Multiple Sclerosis and Osteoporosis

At first glance, multiple sclerosis (MS) and osteoporosis appear to be two very different diseases. One attacks the nerves and the other the bones. But dig a little deeper and it’s clear they have a lot in common.

“I think there are a number of correlations,” Kathleen Costello, associate vice president of clinical care for the National MS Society, told Healthline. “In fact, if you look at the risk factors for osteoporosis and you look at MS, you can see an obvious connection between the two.”

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Setting the Stage

Osteoporosis is a disease that causes bones to become fragile and more likely to break. If left untreated, it can progress until fractures occur, usually in the hip, spine, or wrist.

According to Costello, when comparing MS and osteoporosis, you have to consider both their modifiable risk factors (determined by our choices), and their non-modifiable ones, such as which genes we inherit from our parents.

“Looking at the non-modifiable — age, history, family history, Caucasian, female — without my saying ‘MS’ or ‘osteoporosis’ you wouldn’t know [which I was talking about] because actually those are risk factors for both,” Costello said.

But the modifiable risks, she said, are “probably where the real correlation occurs.”

Two major risk factors for MS are low vitamin D levels and smoking. “And the same is true for osteoporosis,” Costello said. People living with MS are also often less active due to their condition and that’s “a huge contributor for developing osteoporosis,” she added.

Corticosteroids, often used to treat MS patients having relapses, are notorious for wreaking havoc on bones. They interfere with bone-making cells, while increasing the number of cells that deplete bone. They also make it harder to absorb calcium and they inhibit hormones such as estrogen, which are important for our bones.

“People with MS have a huge amount of risk for the development of osteoporosis,” Costello said.

The evidence is proving Costello right. In a study published earlier this year in CNS Drugs, researchers from the State University of New York at Buffalo concluded that MS patients have a greater risk of osteoporosis and fractures because of the combined effect of many factors: inactivity, low vitamin D levels, and the use of glucocorticoids and anticonvulsant drugs.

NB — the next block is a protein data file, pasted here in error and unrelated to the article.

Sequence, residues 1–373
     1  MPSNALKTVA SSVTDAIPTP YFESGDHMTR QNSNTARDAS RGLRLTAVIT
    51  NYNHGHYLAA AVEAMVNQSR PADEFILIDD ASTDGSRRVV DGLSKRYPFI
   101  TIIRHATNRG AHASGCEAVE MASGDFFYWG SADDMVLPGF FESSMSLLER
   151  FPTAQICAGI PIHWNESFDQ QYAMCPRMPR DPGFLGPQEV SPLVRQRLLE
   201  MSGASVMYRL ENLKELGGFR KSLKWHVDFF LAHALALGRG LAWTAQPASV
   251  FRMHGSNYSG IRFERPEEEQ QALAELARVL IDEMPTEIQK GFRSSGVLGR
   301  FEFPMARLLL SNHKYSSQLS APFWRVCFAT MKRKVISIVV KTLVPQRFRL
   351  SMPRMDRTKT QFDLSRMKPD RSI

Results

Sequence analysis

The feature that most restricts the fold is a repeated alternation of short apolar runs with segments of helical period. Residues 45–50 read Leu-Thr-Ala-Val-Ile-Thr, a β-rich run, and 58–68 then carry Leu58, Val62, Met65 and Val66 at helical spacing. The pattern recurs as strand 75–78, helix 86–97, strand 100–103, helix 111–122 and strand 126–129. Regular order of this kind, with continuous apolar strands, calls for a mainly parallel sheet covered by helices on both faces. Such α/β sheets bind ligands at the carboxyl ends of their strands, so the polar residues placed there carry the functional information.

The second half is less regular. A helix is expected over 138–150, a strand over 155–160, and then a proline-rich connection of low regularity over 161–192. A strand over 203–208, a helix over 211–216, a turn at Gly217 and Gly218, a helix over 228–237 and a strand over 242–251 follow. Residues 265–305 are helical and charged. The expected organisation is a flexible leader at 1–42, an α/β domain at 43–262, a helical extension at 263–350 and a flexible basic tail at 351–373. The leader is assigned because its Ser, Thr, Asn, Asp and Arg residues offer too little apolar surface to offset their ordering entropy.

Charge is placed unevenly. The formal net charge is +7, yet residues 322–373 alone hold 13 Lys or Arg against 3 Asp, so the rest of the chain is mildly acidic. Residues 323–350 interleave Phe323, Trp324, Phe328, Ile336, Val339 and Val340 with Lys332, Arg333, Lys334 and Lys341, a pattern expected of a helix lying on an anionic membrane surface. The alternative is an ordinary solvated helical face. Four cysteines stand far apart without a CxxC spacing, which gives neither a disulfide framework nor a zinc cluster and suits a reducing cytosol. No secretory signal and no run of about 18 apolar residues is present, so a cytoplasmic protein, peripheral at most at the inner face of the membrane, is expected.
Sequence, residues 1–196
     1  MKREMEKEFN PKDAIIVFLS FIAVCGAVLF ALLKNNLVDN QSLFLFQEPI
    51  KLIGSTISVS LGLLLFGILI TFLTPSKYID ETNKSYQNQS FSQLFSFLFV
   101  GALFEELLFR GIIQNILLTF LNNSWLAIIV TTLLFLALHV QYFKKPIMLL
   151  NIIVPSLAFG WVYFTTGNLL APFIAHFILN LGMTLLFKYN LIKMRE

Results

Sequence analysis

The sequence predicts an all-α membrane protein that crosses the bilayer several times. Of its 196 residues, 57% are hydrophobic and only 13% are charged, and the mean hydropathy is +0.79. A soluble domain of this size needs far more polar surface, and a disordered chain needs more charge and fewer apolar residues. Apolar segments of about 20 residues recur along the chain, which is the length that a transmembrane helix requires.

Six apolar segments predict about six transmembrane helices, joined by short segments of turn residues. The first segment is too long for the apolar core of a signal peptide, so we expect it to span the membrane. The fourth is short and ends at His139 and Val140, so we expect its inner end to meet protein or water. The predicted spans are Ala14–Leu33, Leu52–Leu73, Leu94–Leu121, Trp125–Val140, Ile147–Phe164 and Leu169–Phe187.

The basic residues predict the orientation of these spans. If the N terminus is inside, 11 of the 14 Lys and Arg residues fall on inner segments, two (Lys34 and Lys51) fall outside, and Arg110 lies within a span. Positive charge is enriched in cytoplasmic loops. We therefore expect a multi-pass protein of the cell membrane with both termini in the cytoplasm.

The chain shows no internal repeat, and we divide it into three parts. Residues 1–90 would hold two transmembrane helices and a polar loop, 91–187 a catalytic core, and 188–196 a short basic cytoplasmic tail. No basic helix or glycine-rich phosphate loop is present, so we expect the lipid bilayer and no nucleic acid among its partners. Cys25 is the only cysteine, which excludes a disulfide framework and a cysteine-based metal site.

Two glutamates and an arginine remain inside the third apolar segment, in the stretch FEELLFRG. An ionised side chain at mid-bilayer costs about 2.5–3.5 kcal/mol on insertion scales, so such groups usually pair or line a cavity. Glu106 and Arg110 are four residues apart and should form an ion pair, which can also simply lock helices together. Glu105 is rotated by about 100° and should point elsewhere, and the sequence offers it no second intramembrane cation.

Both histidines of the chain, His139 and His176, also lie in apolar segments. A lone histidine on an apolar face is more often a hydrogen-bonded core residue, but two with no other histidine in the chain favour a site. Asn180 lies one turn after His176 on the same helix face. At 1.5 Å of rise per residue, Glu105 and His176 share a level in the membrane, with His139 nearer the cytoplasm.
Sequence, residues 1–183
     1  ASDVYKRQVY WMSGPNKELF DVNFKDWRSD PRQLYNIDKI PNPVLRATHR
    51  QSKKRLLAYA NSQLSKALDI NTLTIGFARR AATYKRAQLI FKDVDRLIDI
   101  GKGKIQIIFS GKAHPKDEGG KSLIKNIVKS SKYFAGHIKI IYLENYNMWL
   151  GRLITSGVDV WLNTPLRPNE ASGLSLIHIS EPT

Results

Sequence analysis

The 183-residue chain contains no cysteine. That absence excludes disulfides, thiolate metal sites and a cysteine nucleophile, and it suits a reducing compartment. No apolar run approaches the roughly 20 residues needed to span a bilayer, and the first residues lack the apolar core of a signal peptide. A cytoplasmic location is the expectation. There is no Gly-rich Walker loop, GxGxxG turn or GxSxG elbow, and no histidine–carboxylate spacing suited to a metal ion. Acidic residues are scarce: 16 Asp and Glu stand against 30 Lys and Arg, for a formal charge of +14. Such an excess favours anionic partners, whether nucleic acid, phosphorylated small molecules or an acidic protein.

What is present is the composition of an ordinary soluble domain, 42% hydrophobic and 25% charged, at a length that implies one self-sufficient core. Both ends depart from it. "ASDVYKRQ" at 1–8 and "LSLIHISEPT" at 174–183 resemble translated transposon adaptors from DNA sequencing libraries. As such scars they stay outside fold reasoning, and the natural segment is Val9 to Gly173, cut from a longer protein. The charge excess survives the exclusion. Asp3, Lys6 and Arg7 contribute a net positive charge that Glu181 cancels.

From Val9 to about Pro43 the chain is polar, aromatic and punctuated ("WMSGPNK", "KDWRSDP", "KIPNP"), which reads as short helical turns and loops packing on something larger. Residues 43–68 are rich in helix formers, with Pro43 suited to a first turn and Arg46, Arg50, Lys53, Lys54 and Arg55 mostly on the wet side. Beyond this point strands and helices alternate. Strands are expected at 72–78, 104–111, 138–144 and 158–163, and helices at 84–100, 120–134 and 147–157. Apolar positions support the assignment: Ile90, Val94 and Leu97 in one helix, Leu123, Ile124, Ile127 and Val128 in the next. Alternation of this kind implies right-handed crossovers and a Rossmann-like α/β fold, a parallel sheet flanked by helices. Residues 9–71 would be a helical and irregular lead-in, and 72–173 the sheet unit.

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The Role of Inflammation

“Osteoporosis used to be considered an endocrine disease,” Costello explained. “As women aged they lost estrogen and were more likely to develop osteoporosis. While that is true, it is now also considered to be an inflammatory disease because there are inflammatory cytokines, [found in cells of the immune system] that have been identified as being contributors to bone loss.”

Costello added: “There are also cytokines that have been identified as bone building, so it’s not the fact they are there, but it’s the balance they happen to be in that drives whether you lose bone or you don’t."

MS is an inflammatory disease, and some of the same cytokines that cause inflammation in MS have also been seen in osteoporosis patients.

"People with MS have a huge amount of risk for the development of osteoporosis." — Kathleen Costello

While it appears that the two conditions often go hand in hand, that doesn’t mean they alway occur together. “Not everyone with MS is going to develop osteoporosis,” said Costello. Doctors can’t say for sure whether one condition causes the other.

In a 2011 study published in Acta Neurologica Scandinavica, researchers from Norway argued that multiple sclerosis is a cause of secondary osteoporosis because data have shown that bone mineral density decreases as a patient's MS disability increases. But the connection has not been proven.

“I think it deserves more study to see how much of this inflammation in MS contributes ... to the development of osteoporosis,” Costello said.

What Can You Do?

If you have MS, speak to your primary care doctor or neurologist about bone health. The doctor can begin by checking your vitamin D levels and measuring your bone density.

The doctor may start you on vitamin D supplements, since Costello says the best source of vitamin D, sunshine, is "like kryptonite to people with MS.”

You can’t control your age, gender, or race, but there are other changes you can make to decrease your odds of developing osteoporosis.

According to researchers at the University of Mississippi Medical Center, in a study published in the International Journal of MS Care, “Measures to reduce or prevent osteoporosis in those with MS include education regarding adequate calcium and vitamin D intake, avoidance of smoking and excessive alcohol intake, and regular exercise, particularly weight-bearing exercise.”

“Make sure you tell your doctor if you’ve fallen,” urged Costello. It happens so often to those with MS that it’s a running joke for some patients. But bone fractures are no laughing matter.

Remove throw rugs, clutter, and extension cords that cross your path. You should also remember that canes and walkers are tools and you shouldn't be afraid to use them if necessary.

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